Enable-ExchangeCertificate

 

Applies to: Exchange Server 2016

This cmdlet is available only in on-premises Exchange Server 2016.

Use the Enable-ExchangeCertificate cmdlet to enable an existing certificate on the Exchange server for Exchange services such as Internet Information Services (IIS), SMTP, POP, IMAP, and Unified Messaging (UM). Once you enable a certificate for a service, you can't disable it.

For information about the parameter sets in the Syntax section below, see Exchange cmdlet syntax.

Enable-ExchangeCertificate -Thumbprint <String> [-Server <ServerIdParameter>] <COMMON PARAMETERS>

Enable-ExchangeCertificate [-Identity <ExchangeCertificateIdParameter>] <COMMON PARAMETERS>

COMMON PARAMETERS: -Services <None | IMAP | POP | UM | IIS | SMTP | Federation | UMCallRouter> [-Confirm [<SwitchParameter>]] [-DomainController <Fqdn>] [-DoNotRequireSsl <SwitchParameter>] [-Force <SwitchParameter>] [-NetworkServiceAllowed <SwitchParameter>] [-WhatIf [<SwitchParameter>]]

This example enables a certificate for POP, IMAP, SMTP, and IIS services.

Enable-ExchangeCertificate -Thumbprint 5113ae0233a72fccb75b1d0198628675333d010e -Services POP,IMAP,SMTP,IIS

The Enable-ExchangeCertificate cmdlet enables certificates by updating the metadata that's stored with the certificate. To enable an existing certificate to work with additional Exchange services, use this cmdlet to specify the services.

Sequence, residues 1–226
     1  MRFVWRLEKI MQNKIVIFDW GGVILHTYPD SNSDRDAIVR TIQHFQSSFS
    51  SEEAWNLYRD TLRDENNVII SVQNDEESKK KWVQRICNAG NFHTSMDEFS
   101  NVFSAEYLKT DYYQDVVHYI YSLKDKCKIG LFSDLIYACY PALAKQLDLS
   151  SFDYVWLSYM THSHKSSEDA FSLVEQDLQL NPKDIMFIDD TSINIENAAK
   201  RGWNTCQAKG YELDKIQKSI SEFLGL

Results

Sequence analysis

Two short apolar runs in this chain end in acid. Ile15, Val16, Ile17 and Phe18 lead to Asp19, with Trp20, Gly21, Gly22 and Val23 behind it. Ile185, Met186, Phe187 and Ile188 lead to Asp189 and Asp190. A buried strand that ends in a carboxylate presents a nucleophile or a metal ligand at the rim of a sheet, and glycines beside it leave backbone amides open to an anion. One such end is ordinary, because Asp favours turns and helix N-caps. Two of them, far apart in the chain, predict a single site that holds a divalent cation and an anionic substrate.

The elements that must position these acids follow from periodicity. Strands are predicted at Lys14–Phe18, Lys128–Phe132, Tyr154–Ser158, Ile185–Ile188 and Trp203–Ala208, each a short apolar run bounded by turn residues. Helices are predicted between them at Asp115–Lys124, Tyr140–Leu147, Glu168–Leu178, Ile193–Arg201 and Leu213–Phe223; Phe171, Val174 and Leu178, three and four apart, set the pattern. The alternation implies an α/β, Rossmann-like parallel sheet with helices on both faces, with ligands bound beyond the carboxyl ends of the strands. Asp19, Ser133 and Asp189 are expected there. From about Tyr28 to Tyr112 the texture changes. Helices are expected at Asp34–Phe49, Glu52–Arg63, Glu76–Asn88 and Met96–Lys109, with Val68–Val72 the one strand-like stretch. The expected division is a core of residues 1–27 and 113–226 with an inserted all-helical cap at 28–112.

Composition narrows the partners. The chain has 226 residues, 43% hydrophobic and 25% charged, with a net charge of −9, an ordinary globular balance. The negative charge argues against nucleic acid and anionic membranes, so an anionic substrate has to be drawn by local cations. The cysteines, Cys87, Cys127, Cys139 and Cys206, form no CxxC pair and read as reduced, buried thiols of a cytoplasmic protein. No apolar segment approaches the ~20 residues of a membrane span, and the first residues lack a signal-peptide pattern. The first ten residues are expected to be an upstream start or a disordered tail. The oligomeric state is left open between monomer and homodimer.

importantImportant:
There are many factors to consider when you configure certificates for Transport Layer Security (TLS) and Secure Sockets Layer (SSL) services. You need to understand how these factors might affect your overall configuration. For more information, see Digital certificates and encryption in Exchange.
Secure Sockets Layer (SSL) is being replaced by Transport Layer Security (TLS) as the protocol that's used to encrypt data sent between computer systems. They’re so closely related that the terms "SSL" and "TLS" (without versions) are often used interchangeably. Because of this similarity, references to "SSL" in Exchange topics, the Exchange admin center, and the Exchange Management Shell have often been used to encompass both the SSL and TLS protocols. Typically, "SSL" refers to the actual SSL protocol only when a version is also provided (for example, SSL 3.0). To find out why you should disable the SSL protocol and switch to TLS, check out Protecting you against the SSL 3.0 vulnerability.

You need to be assigned permissions before you can run this cmdlet. Although all parameters for this cmdlet are listed in this topic, you may not have access to some parameters if they're not included in the permissions assigned to you. To see what permissions you need, see the "Certificate management" entry in the Exchange infrastructure and PowerShell permissions topic.

 

Parameter Required Type Description

Services

Required

Microsoft.Exchange.Management.SystemConfigurationTasks.AllowedServices

The Services parameter specifies the Exchange services that the certificate is enabled for. Valid values are:

  • Federation   Don't use this command to enable a certificate for federation. Creating or modifying a federation trust enables or modifies how certificates are used for federation. You manage the certificates that used for federation trusts with the New-FederationTrust and Set-FederationTrust cmdlets.